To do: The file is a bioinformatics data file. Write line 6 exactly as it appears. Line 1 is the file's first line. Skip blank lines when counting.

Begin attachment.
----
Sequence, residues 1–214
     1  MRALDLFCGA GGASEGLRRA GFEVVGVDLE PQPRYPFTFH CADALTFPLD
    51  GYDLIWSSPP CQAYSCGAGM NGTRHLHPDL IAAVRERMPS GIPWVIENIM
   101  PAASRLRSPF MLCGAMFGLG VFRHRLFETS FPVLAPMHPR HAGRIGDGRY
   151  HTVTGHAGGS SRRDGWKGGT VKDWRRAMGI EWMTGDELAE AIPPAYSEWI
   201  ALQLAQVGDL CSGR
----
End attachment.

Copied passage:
   201  ALQLAQVGDL CSGR